CheetahBeam: More Proof That Cats Are Your Overlord

We don’t know what cats see when they see a red laser beam, but we know it isn’t what we see. The reaction, at least for many cats — is instant and extreme. Of course, your cat expects you to quit your job and play with it on demand. While [fluxaxiom] wanted to comply, he also knew that no job would lead to no cat food. To resolve the dilemma, he built an automated cat laser. In addition to the laser module, the device uses a few servos and a microcontroller in a 3D printed case. You can see a video, below. Dogs apparently like it too, but of course they aren’t the reason it was built.

If you don’t have a 3D printer, you can still cobble something together. The microcontroller is an Adafruit Pro Trinket, which is essentially an Arduino Pro Mini with some extra pins and a USB port.

There are twelve different patterns the device cycles through at random to attempt to confuse your cat. We couldn’t help but wonder if this ought to be on the Internet so you could take control and manually play with your cat. Sounds like a job for Blynk. The last time we saw a cat laser, it was a little more mobile.


27 thoughts on “CheetahBeam: More Proof That Cats Are Your Overlord

  1. While it does look funny, pointing laser light at cats without someone CAREFULLY CHECKING that the beam does not hit the cats’ eyes is, in MY EYES, a sauerei. Read: Only do it if you don’t care about hurting your cat.

    1. You do not need a burning laser for this. Use a small <1mW red one.
      My cats chase anyway after any moving light. Be it the reflexion of the sun on the watch glass or any tiny spot of light from a lamp reflecting in the watch glass or being it the image of the mouse pointer on the projection screen.

    2. +1
      Even if the laser is weak enough to be harmless for humans, are you sure it’s the same thing for cat eyes? And i would really not trust any power indication on chinese shop websites. It’s probable that they exaggerate the output power but you don’t know how much they exaggerate. The only sure way would be to actually measure the output power, but who has the right equipment for doing such things? And as i said, the reglementations are for humans, not for cats.

      1. I don’t trust the power rating, but it is easy to get an upper bound on the emit power.

        Figure low end devices <50% (more likely <30%) conversion efficiency. Applied power can be controlled, and simple filtering can be used to keep emit power well below 1mW.

      2. Green lasers in particular are hazardous. They are actually an IR laser with a frequency-doubler, followed (ideally) by an IR-cut filter.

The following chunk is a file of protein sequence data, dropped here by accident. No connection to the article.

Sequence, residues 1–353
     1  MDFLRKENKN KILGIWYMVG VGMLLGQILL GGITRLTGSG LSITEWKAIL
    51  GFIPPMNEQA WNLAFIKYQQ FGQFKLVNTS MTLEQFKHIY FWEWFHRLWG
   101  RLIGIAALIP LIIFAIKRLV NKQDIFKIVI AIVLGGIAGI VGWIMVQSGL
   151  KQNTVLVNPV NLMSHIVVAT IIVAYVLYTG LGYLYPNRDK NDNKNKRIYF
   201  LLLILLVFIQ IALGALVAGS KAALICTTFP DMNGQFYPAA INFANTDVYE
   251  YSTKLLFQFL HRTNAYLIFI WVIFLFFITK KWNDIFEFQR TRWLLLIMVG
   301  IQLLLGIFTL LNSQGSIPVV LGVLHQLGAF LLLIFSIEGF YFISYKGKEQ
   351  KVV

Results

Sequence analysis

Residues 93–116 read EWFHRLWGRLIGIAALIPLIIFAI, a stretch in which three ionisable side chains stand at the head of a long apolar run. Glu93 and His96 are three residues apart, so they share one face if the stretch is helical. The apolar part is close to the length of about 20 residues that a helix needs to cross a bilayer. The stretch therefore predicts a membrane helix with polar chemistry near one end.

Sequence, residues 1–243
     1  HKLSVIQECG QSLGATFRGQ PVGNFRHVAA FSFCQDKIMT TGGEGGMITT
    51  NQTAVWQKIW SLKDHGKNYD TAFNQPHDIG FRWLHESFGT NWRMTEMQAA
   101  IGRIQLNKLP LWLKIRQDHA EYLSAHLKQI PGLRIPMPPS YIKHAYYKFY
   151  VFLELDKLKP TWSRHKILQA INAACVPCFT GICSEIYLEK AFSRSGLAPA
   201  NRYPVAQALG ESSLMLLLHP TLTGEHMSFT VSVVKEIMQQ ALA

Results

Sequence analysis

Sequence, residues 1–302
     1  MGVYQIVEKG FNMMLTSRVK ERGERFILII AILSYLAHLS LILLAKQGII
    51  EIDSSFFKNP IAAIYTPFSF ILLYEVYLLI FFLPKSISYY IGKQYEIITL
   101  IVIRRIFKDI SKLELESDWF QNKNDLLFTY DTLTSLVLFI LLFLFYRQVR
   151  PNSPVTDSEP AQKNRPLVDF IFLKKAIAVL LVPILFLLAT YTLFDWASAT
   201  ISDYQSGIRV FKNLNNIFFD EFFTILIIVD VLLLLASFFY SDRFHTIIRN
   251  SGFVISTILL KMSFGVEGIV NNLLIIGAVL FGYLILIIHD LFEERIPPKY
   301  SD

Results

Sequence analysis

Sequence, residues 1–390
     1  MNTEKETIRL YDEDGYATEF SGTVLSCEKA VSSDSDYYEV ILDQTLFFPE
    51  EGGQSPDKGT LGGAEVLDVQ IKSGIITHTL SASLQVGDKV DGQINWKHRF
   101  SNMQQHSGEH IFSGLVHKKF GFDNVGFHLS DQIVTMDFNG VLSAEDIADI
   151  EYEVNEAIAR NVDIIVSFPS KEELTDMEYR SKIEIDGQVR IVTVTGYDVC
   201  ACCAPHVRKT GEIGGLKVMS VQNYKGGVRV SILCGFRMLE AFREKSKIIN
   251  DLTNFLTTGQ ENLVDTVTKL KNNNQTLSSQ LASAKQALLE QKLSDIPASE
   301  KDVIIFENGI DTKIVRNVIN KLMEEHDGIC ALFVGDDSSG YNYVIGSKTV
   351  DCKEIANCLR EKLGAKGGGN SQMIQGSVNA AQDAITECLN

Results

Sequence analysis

The cheap ones don’t have the IR filter. So while it might be a “5mW green laser”, there’s quite likely 50-100mW of IR coming out the end.

  2. a long time ago a friend an I used a couple of servos + RC receiver & remote to make a manual version of this. Few minutes in the cat realized the connection and stated attacking the device instead of being interested in the laser. Guess the servo noise was to blame?

  3. cats are gods, serve them well and you will get a good position in cat haven (good position to continue to serve them :) in egypt if someone caused a little bit of harm to them, then that person was killed immediately :)

  4. I’ve made a couple of flavors of something really similar. The first one was hung from the ceiling and had a PIC monitoring the output of a PIR sensor. If it sensed motion and at least 10 minutes had passed since the previous light show, it would turn on the laser and run the servo…

    The last version had an IR remote and the ability to control it manually via IR or have it monitor the PIR and go through a pre-set routine when triggered. I think it was taken down when painting the walls and never made it back up.

    1. Little late on the patent game: there are several commercial versions of this already on the market, and they use fancy lo-profile optics instead of noisy servos. This is still a great/fun project but the patent ship has sailed off to whatever wasteland those ships sail to.

  5. Is it a good idea to mix a ceiling fan, a red laser, some extra batteries, a remote receiver, perhaps a servo and some command unit (arduino, pi, whatever)?
    By the way, never use the laser on a wall on which a cat can go up. And hit an porcelain plate hanged right there.
    In my defense it was at the end of a long dark hall and i didn’t noticed the hanged plates until the missile cat shut it down.
    Of course i was in a visit.

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